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Community and Q&A

Advice for lack of rainscreen or proper flashing

ddgrant | Posted in Energy Efficiency and Durability on

I’m hoping to get some advice regarding my split entry house (circa 1990) in Eastern Canada that has no house wrap, tape or sealant of any kind. Wall assembly is (inside to out) 1/2″ GWB, poly v.b., 2×6 studs, 5/8″ OSB, 1/2″ EPS rigid foam (nailed with roofing nails and no tape anywhere), vinyl siding (no furring). The brickmould for the windows and doors rest against the insulation and are only flashed at the top, tied back to the insulation, not the OSB. I’ve been replacing windows as needed over the last 5 years and have noticed damage to the OSB and under the windows at each location. Also found many rusted nails that fasten the rigid insulation. I was younger and “less knowledgeable” than I am now about flashing and drainage planes, so I simply replaced the windows/door in the same fashion as previously.

However, I have learned since then and so with the last window I replaced I framed the rough opening with ½” plywood to match the thickness of the insulation and used peel and stick flashing from inside the RO all the way around the frame to the OSB. I also flashed the window flange to the OSB after the window was secured. Then the insulation was cut back and butted against the plywood frame over the flashing. I’m fairly confident of my installation for this one window, but the others I’ve replaced and remaining original windows and doors are worrisome.

I will be replacing 3 windows and 1 door this summer and wonder if I really need to worry about the existing or older installations in terms of the impact on long term structural damage. Do you think it would be wise to invest in a whole house removal of the siding, rigid insulation and windows in order to properly install the house wrap/drainage plane, insulation (probably go with 2″ rigid instead) and properly flash all windows and doors? Or do I simply repeat my flashing efforts during my remaining window/door replacements and hope that the existing OSB/rigid insulation plane will suffice for the long term?

Thanks in advance for your thoughts,
Darcy Grant

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  1. GBA Editor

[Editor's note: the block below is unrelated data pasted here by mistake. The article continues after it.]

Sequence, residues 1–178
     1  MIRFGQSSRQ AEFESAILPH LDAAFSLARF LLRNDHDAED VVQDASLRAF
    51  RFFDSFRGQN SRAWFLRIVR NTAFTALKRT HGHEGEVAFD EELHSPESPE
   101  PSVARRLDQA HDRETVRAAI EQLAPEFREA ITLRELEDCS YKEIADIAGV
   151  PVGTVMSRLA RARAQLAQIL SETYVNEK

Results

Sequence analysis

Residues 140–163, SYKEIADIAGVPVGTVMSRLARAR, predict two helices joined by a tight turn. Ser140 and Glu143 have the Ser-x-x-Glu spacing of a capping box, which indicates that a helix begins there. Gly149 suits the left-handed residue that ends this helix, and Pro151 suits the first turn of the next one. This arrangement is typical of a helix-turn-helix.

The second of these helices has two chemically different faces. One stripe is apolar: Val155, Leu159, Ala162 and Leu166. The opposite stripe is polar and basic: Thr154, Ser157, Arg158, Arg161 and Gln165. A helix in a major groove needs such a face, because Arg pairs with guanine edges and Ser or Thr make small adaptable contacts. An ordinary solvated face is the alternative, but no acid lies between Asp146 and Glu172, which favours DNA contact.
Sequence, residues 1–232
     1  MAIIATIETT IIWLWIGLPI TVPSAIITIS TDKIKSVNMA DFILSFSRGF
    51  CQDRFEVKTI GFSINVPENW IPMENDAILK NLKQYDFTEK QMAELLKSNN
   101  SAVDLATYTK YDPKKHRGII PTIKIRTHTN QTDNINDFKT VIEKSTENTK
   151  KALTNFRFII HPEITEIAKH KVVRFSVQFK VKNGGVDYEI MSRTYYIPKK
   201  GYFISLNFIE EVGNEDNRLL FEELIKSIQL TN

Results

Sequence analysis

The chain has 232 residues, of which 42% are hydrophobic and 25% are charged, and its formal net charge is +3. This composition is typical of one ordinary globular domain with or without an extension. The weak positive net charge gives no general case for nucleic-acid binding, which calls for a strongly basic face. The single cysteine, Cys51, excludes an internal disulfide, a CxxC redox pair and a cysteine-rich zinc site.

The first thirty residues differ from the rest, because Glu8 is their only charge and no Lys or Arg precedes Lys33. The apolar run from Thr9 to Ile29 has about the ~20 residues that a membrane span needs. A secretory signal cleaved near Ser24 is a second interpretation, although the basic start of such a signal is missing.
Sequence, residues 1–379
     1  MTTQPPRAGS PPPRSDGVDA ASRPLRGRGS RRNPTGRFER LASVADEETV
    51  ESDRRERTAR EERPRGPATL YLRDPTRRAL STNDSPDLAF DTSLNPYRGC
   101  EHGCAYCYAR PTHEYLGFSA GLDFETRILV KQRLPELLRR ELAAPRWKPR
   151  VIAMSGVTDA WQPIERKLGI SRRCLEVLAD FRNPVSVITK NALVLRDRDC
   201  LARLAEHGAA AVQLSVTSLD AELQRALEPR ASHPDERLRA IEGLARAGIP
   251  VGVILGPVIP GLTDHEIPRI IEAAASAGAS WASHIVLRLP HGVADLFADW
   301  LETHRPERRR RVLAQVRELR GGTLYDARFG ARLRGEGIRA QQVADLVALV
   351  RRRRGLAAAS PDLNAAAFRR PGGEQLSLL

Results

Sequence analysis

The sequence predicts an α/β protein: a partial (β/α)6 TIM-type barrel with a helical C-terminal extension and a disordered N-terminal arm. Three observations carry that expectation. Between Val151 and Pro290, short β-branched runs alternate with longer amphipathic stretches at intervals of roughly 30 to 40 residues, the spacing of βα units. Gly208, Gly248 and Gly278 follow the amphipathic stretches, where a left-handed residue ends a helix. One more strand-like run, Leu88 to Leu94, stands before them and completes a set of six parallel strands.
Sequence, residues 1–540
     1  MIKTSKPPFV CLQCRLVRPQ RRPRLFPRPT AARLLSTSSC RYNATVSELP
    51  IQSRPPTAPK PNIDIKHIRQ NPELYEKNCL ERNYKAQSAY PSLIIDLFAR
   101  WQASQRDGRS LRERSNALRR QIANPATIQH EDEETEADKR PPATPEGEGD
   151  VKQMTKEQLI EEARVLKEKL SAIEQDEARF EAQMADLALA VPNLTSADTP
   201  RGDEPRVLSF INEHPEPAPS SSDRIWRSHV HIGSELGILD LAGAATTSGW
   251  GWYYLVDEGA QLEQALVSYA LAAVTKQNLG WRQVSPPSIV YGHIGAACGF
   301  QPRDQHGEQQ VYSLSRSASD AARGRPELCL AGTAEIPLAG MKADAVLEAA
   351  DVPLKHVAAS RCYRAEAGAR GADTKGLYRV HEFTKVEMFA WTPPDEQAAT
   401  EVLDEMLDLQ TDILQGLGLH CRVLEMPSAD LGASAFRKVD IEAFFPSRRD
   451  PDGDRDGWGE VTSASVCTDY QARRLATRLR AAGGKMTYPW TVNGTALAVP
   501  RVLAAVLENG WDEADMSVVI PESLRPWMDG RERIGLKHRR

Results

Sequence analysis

Martin Holladay | | #1

    If the original flashing methods on your house resulted in damage to the OSB under each window, you can be fairly confident that installation of replacement windows with the same faulty details will result in more OSB damage.

    So, if you know you did it wrong, the right answer is: open up your wall again and do it right.

    However, if that option is expensive and discouraging, you can always ignore the problem until the OSB rot is so noticeable that you have no choice but to fix it.

  2. ddgrant | | #2

    I agree, the proper course of action is to just fix ALL windows, which is daunting and discouraging for a DIY'r. However, if I were to replace all the windows and install the flashing as I noted in my original post, do you think this is the proper way to handle the window installations? And secondly, what do you think of leaving the wall construction as it is, without adding a proper rainscreen? Given that I'll be replacing multiple windows/door at once, this would the better time to invest in the whole house re-siding project.

  3. GBA Editor
    Martin Holladay | | #3

    I can't tell from your description whether your proposed flashing makes sense. To flash a window, you must first define the water-resistant barrier (WRB). I'm not sure what you are installing for a WRB -- is it the rigid foam? Or do you have a layer of housewrap?

    Once you have defined your WRB, you need to flash your rough opening to drain to the WRB using sill flashing or peel-and-stick membrane. Ideally, your rough sill will be sloped and will include an interior dam.

    Then you install your window, and you provide more flashing; in most cases, the perimeter of the window is also flashed to the WRB. All flashing should be lapped shingle-style. Ideally, there should be a drainage gap between the WRB and your siding, but such a gap isn't always possible. Even wrinkled housewrap provides some limited drainage.

    Don't forget the metal Z-flashing at the head.

  4. Envirocon | | #4

    Hi Darcy, your problem is common here in Utah and I have remediated mold and rot from many homes just like you describe. The best strategy for me is to remove all the vinyl and label it as you remove (ie. nw 1a, nw 1b, nw 2 etc.). Undo the nails at the top flange and push the siding straight down until it unsnaps. Remove doors and windows, install a self draining housewrap, then flash as you re-install all windows and doors. This is a lot of work, but vital to the longevity and energy efficiency of your home.

  5. ddgrant | | #5

    I guess that's my issue is that I haven't got a true WRB. The original builder didn't use housewrap or flashing (other than the z-flashing over the heads of windows and doors. So, I've flashed my window using the steps you suggested above to the OSB relying on the OSB as the WRB, but it was never really installed as a WRB.

    Thanks Bill for your input. That's obviously the best way to approach this, isn't it? So, flashing the window to the OSB as a non-existent WRB is better than nothing, but not necessarily a long term solution. What has been your experience if I were to leave this wall construction as is? Do you ever deal with home insurance for remedy?

  6. GBA Editor
    Martin Holladay | | #6

    As you now apparently realize, OSB is not a WRB. If your flashing directs the water that sneaks past your siding to your OSB, your OSB will eventually rot.

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